So now it’s starring in this potato-based soup which I’ve dubbed Rainbow Soup, named for the colorful chard stalks that double as a healthy, low-cal “crouton” garnish. In addition to potatoes, there is a healthy helping of leeks and a whisper of cream. Hmmmm, you’re saying to yourself, this sounds suspiciously like vichyssoise. And you’re right! That is one of our favorite soups — chilled or not — so we’re building on that flavor profile. The inspiration for throwing in the greens comes from another hearty favorite, Caldo Verde, the Portuguese-style potato and kale soup.

The rainbow inspiration also comes from waxing nostalgic about living on Oahu while putting on 3 layers of clothing every morning — and that’s if I’m just staying home! (Did I mention I grew up on an island?) Hawaii is nicknamed the Rainbow State, for obvious reasons, and the vibrant color and crunch from these chard stems are a welcome splash of Aloha against the monotone in both the skies and our soup bowls. (Though I would prefer my Aloha-in-a-bowl in the form of a Loco-Moco, but that’s another story…)

And since we’re taking this 4800 mile segue anyway, I’ve been meaning to give a shout out to the folks at Hawaii’s public radio station, KIPO, and one of our favorite local programs there, Aloha Shortsa weekly program hosted by Cedric Yamanka of short stories written by local authors and read before a live studio audience by local actors and story tellers. The best way to get your weekly dose of island flavor, short of the 12-hour flight from the East Coast!Aloha Shorts has long been available for live-streaming from the KIPO website, but for those of us who are not awake at midnight (EST) to catch the show live, Aloha Shorts is now available as a podcast from Bamboo Ridge Press on the iTunes store! As of this writing, there are 15 weeks worth of readings awaiting your listening pleasure. But there’s a limited window of time during which each new episode is available, so get them while you can. You can also subscribe to the podcast so you won’t miss any new shows. Unlike other podcasts, these aren’t deleted from my iTunes library after the first listen-to so whenever I really need a dose of island sunshine it’s as close as my computer or iPod.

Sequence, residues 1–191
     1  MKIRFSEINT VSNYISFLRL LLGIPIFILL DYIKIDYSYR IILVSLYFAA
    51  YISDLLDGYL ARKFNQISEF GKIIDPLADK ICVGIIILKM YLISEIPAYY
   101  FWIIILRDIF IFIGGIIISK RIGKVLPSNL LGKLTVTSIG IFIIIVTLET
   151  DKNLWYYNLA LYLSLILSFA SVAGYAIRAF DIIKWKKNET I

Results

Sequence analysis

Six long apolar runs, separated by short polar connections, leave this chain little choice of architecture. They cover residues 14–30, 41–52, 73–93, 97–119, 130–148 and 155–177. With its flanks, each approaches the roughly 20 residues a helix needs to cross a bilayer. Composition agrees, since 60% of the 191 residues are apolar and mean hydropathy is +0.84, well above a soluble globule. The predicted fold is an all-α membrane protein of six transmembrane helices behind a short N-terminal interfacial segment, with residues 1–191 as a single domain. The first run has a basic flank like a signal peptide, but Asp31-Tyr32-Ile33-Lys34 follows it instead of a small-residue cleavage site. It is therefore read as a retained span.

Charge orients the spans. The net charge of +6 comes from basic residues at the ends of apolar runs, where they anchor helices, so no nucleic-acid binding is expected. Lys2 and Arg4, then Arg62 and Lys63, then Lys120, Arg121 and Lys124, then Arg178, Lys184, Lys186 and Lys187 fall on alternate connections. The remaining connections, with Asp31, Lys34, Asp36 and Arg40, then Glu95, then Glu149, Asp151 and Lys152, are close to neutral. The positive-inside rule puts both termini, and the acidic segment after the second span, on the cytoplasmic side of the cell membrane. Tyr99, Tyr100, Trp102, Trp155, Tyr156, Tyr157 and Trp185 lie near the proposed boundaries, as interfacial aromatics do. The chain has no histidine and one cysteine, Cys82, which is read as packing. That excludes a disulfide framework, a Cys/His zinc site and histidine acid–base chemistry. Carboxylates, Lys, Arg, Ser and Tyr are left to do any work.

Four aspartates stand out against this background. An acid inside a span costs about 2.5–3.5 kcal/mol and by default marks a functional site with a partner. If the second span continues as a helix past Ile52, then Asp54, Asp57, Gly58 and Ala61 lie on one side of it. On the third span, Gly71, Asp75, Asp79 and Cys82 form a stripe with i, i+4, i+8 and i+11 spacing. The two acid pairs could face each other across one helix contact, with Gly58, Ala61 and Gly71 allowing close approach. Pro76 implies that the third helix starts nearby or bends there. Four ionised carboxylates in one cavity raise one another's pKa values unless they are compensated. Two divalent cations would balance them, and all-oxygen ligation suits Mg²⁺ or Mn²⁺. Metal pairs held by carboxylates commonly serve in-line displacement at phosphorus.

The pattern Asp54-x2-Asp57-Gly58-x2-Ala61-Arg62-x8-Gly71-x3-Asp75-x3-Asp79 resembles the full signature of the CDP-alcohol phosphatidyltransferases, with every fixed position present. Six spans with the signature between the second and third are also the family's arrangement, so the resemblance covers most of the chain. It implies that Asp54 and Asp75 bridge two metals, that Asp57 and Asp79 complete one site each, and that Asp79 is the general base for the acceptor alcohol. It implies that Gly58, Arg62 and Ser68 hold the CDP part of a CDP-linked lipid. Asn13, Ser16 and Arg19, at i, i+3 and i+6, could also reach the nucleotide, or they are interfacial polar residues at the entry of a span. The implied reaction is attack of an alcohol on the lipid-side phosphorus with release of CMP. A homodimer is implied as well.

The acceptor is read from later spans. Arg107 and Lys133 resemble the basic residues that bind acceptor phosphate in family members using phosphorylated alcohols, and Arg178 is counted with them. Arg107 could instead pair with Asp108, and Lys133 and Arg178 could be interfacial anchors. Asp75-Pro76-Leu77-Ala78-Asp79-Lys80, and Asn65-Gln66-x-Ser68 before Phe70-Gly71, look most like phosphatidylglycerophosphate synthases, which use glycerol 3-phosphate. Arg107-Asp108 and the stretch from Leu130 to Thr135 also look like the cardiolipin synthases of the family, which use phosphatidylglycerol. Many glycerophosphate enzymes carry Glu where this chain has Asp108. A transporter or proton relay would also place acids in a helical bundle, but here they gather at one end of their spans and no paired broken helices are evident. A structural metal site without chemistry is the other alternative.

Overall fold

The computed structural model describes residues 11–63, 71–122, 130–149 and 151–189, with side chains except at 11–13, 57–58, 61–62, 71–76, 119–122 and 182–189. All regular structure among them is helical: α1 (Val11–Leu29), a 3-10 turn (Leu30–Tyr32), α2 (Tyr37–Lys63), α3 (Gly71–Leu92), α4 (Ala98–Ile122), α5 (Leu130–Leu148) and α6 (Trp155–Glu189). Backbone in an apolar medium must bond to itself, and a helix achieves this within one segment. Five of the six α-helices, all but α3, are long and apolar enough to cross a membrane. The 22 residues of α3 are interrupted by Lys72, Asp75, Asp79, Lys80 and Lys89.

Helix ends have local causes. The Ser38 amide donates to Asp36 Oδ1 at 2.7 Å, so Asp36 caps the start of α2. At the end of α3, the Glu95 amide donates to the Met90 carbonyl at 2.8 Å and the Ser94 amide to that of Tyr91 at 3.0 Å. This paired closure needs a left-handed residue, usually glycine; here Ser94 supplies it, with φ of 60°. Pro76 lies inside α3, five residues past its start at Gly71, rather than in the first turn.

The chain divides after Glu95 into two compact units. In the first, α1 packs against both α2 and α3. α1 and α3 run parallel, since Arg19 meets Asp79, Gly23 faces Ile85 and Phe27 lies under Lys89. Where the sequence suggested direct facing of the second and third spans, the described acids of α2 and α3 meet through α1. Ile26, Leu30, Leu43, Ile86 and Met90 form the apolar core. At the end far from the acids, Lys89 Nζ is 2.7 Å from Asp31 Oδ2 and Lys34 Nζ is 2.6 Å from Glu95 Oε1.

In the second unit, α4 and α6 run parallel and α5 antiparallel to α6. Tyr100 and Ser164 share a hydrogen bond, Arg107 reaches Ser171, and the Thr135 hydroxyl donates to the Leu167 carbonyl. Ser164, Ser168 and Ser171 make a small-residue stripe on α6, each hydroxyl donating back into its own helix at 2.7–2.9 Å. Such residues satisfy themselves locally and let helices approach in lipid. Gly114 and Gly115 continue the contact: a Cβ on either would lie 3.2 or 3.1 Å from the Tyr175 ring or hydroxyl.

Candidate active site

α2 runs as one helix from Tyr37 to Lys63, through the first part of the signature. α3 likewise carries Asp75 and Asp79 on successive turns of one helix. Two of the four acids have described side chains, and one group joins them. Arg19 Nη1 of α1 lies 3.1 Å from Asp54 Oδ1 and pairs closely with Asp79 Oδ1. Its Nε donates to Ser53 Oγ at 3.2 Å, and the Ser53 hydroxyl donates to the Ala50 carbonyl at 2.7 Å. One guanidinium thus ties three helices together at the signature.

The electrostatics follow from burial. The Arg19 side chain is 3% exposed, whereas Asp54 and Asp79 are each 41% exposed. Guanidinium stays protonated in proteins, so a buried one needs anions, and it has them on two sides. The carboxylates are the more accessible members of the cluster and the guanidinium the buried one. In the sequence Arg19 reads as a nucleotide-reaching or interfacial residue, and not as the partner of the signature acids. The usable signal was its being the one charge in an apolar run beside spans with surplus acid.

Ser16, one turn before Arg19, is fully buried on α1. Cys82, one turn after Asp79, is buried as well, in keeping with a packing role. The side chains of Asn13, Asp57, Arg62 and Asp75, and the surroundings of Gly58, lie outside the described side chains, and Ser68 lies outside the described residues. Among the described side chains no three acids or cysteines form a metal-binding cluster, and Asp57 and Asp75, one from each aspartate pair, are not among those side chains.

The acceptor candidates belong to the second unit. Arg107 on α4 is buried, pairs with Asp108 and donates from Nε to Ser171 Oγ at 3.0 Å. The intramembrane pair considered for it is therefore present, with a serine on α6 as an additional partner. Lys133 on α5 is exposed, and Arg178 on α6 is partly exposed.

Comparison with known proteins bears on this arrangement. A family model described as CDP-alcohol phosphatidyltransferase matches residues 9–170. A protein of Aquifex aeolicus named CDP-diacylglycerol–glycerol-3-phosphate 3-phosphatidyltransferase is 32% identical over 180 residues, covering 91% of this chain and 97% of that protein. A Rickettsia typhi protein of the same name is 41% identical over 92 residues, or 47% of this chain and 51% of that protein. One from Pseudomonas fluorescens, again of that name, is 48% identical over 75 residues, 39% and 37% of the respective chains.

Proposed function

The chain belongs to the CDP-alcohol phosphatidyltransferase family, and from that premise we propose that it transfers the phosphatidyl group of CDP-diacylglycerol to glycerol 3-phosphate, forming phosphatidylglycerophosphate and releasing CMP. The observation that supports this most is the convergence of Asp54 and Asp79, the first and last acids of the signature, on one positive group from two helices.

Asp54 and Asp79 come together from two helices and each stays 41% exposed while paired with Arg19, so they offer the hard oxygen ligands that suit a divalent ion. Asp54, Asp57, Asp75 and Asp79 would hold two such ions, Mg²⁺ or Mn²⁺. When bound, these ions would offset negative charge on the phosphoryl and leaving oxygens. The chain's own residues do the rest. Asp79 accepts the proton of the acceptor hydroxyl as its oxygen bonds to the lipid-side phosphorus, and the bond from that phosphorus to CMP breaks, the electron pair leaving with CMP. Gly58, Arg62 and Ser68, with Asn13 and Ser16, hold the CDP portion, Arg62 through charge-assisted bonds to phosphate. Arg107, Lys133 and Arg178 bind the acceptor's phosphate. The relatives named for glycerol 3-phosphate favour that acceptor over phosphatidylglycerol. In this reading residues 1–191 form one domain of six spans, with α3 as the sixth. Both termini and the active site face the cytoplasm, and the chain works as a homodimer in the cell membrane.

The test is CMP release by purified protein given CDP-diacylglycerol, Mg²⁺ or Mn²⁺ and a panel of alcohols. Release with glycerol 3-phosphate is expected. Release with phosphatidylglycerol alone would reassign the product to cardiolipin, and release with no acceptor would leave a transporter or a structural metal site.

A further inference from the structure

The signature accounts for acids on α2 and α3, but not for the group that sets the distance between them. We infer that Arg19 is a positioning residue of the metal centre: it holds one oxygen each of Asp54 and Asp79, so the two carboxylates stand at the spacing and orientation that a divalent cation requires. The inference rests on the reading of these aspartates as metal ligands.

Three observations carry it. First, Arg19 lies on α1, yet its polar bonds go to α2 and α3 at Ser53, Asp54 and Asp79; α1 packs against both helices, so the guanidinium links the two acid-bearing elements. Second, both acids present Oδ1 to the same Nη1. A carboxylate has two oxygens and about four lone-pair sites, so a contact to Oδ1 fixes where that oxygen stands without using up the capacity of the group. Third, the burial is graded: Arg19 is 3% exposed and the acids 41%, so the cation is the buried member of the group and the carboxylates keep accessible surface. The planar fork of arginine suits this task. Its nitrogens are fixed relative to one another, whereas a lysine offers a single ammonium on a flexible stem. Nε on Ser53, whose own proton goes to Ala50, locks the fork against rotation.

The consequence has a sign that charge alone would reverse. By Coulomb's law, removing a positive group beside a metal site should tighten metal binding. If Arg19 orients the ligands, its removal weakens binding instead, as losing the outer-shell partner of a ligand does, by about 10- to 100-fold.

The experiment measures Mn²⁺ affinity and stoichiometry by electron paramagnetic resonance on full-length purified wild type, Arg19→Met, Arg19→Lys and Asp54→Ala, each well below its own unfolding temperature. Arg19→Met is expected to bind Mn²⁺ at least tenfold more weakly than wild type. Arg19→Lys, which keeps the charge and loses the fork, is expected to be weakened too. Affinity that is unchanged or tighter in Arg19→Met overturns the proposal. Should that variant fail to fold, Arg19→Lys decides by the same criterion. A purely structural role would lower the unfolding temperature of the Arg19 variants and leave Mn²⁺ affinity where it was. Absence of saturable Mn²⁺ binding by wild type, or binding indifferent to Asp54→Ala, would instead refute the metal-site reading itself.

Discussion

*******************
(UPDATE 01/22/2011: I received a comment from one of the producers of Aloha Shorts with the happy news that you can find ALL of the shows episodes on the Bamboo Ridge Press website! You won’t be able to download them from here, but you can stream any show on demand. In her own words:

“Please let your readers know that all the past episodes are available at http://www.bambooridge.com/planet.aspx?pid=3.  Just go to “Broadcast Archives” and click on “Show More.”  We’re happy to warming the hearts of those on the East Coast and around the world with the humor, memories, and wisdom of Hawaii’s local literature.  We’re also on Facebook at www.facebook.com/alohashorts.  Hau’oli Makahiki Hou.  ~  Phyllis Look”

Thank you for the info, Phyllis. And a great big Aloha to all the folks on the show!
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So to recap, a rainbow in your soup bowl and tales of living Aloha in your earbuds… See, winter doesn’t have to be so gray.

Happy National Soup Month, Tracey! Hope the soup’s on in your home, too!
What’s your favorite soup? Speaking of all things Aloha, this is mine.

RAINBOW SOUP
Serves 4 persons

1 bunch of rainbow swiss chard
3 large leeks, sliced and washed well
4 TBL unsalted butter
2 TBL olive oil
4 large Russet potatoes, about 1½ lbs (680g), peeled and sliced thinly
sea salt and ground black pepper, to taste
4 cups (1L) low-salt chicken or vegetable broth, or water
¼ cup (60ml) dry sherry or dry white wine, such as Pinot Gris or Sauvignon Blanc
2 TBL light cream (optional)
3 TBL grated Parmesan, plus extra for garnish

Wash chard well in a mixture of 2 qt/L of cool water and 2 TBL of distilled white vinegar. Rinse under cold running water and drain in a colander. Separate the stalks from the greens and trim, then dice. Reserve a small handful of diced stalk (I chose some of each color) for garnish. Shred the chard greens.

In a large Dutch oven or small soup pot, saute leeks in butter and oil over medium heat. When leeks have softened, about 10 minutes, add chard stalks, potatoes, salt, pepper and broth. Cover and simmer for 15-20 minutes, or until potatoes are completely soft.

Using a hand blender or potato masher (depending on whether you want a pureed soup or a more rustic version), blend the potatoes into the broth. Add sherry, Parmesan and chard greens, and simmer 10 minutes longer. Remove from heat and add cream, if using, and correct seasoning.

Ladle in individual bowls and garnish with reserved diced chard stalks and Parmesan.


This is very filling, and we skipped the breads we would usually have with soup.
A little ironic, given my current obsession with bread-baking

BMB: Coriander-Spiked Banana Braid